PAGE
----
Types Of Humidifiers: Understanding The Pros And Cons

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  • Author Albert Lee
  • Published September 12, 2020
  • Word count 958

Humidifiers can come in all shapes and sizes each with its own pros and cons and this can be confusing for the homeowner who is choosing a humidifier for the first time.

Types Of Humidifiers

Evaporative

In essence, evaporative humidifiers work by evaporation of the water in the humidifier and releases it as a cool mist. Inside most evaporative humidifiers is a wick that absorbs the water in the humidifier. A fan then evaporates the water in the wick giving us water vapour and increasing the humidity in the room. For those who are unfamiliar with what a wick is, it is a porous cylindrical structure that has a large surface area which allows maximum water absorption and water evaporation.

The wick also acts like a filter to filter out any impurities or contaminants in the water being used in the humidifier. Due to the presence of this wick filter, the type of water used in an evaporative humidifier is less restrictive than an ultrasonic humidifier which does not use a filter. Generally, you can use normal tap water in an evaporative humidifier without any issues. Wicks are usually quite large in size and therefore you will find that most evaporative humidifiers are bulkier in size and also heavier.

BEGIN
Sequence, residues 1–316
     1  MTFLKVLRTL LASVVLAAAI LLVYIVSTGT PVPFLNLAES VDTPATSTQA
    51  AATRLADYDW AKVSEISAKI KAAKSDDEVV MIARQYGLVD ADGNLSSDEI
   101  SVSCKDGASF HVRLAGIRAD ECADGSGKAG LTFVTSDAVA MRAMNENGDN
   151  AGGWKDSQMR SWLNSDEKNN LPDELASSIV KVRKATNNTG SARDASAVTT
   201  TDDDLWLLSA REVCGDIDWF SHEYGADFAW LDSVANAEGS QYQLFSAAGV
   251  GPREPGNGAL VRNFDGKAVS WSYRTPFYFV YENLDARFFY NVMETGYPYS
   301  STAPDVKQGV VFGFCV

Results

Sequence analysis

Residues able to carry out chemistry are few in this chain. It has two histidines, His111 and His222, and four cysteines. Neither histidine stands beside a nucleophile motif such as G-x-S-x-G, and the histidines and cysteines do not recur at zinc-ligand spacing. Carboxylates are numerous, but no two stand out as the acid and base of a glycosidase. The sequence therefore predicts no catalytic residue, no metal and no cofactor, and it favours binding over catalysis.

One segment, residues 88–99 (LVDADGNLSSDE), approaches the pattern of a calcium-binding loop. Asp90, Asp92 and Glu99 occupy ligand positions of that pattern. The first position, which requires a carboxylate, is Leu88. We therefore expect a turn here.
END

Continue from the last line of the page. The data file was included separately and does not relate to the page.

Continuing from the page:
Another advantage of evaporative humidifiers is that it can never over-humidify the air because it works by evaporation. If the ambient air is already saturated with water, evaporation will not be able to occur no matter how much the fan blows at the water.

The purchase cost of an evaporative humidifier is usually the lowest among the different types of humidifiers but the operating cost is the highest from the replacement of wicks and filters. It is recommended that filters be replaced every 3 to 6 monthly depending on the usage of your humidifiers. Different humidifiers may also have different recommendations so it would be best to check in with the manufacturers if you are intending to get an evaporative humidifier.

Evaporative humidifiers also tend to be louder due to the running fan that is used to evaporate the water in the humidifier. Some humidifiers can register noise level up to 50 dB at their highest speed settings. If you are intending to use your humidifier in your bedroom or if you are very sensitive to noise then an evaporative humidifier may not be for you.

Ultrasonics Humidifier

An ultrasonic humidifier is a nebulizer that uses high frequency vibrations to break water down into ultra-fine droplets which then get released into the air as a mist. Depending on the specific model, the mist may be a cool mist or a warm mist. An easy way to see if a humidifier is an ultrasonic humidifier is to see if there is a mist plume coming out from the model. If there is a mist plume, it is usually an ultrasonic humidifier.